Girls are stronger than their twin brothers

Researchers explored whether male twins had an increased risk of dying or being sick as newborns compared to their female co-twins.

By Kate Phillipa Clark

The risk of a poor perinatal outcome is higher among male twins than their female co-twins. This was the conclusion of a recent study published in August 2017. Researchers aimed to explore gender differences in infant mortality and neonatal morbidity in boy/girl twin pairs. A total of 108,038 pairs of boy/girl twins were included in the analysis. Data were obtained from the US National Center for Health Statistics Linked Birth-Infant Death Cohort. The birth data information contain information on multiple births that occurred from 1995–2004 in the United States.

Low Apgar score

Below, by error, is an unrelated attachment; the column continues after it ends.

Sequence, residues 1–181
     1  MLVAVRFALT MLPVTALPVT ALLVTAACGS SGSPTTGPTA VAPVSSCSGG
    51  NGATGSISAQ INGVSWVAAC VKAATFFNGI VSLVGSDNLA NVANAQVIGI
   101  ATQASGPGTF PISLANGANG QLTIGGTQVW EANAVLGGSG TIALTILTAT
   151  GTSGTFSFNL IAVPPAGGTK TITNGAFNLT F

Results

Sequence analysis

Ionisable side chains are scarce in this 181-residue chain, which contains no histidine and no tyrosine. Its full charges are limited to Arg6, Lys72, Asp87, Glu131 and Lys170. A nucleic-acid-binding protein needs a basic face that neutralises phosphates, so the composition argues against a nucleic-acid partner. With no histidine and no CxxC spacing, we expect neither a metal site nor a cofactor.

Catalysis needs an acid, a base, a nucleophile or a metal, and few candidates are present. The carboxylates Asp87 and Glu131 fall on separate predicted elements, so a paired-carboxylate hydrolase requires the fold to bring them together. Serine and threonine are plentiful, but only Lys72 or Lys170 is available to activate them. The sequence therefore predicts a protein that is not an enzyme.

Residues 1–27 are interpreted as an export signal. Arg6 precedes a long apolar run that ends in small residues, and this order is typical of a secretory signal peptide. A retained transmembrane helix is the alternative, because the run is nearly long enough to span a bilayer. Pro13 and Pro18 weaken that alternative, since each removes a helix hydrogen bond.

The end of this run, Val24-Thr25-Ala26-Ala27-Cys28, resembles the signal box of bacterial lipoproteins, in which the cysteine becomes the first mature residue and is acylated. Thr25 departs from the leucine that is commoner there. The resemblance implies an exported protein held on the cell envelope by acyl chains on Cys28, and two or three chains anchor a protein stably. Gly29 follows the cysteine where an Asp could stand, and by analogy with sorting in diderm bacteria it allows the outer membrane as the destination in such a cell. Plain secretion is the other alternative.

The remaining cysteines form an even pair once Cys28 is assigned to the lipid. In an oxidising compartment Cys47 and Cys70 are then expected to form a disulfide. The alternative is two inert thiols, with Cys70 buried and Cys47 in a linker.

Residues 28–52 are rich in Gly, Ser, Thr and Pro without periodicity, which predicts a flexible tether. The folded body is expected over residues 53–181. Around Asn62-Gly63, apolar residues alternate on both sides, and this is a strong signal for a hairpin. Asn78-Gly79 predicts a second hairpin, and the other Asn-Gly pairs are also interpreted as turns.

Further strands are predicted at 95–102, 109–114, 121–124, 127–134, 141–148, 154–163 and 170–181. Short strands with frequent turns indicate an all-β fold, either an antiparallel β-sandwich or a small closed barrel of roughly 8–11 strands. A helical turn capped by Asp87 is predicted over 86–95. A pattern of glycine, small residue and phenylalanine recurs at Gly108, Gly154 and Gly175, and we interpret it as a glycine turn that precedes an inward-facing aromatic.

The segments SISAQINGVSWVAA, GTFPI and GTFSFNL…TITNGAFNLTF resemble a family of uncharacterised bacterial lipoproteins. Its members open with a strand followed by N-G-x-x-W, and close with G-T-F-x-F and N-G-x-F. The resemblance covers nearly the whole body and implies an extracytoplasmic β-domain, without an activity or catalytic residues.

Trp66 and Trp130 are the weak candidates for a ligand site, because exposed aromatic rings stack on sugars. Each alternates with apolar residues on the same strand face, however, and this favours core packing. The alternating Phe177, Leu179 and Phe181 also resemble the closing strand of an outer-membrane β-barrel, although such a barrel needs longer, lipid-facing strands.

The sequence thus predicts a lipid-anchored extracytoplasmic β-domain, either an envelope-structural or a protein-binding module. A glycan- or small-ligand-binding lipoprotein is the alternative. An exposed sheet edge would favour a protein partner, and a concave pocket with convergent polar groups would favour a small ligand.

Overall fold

Male twins had an increased risk of neonatal mortality and overall infant mortality relative to their female co-twins. Congenital abnormalities were identified significantly more frequently in male than female twins. Male twins also had higher risk of having a low 5-minute Apgar score* and Respiratory Distress Syndrome. The researchers didn’t find a significant difference in fetal mortality among female twins and their male co-twins.

*The Apgar score is an assessment of how a baby is doing at birth. Immediately after birth, the midwife or doctor assesses how a baby is doing and whether or not medical assistance is needed. The highest score is 10. Many children have an Apgar, which is less than 10, and develops well anyway.

 

 

About the Author

Kate Phillipa Clark

Kate Phillipa Clark has a bachelor in Journalism and an Executive Master in Corporate Communication. She is an identical twin and so is her father.

 

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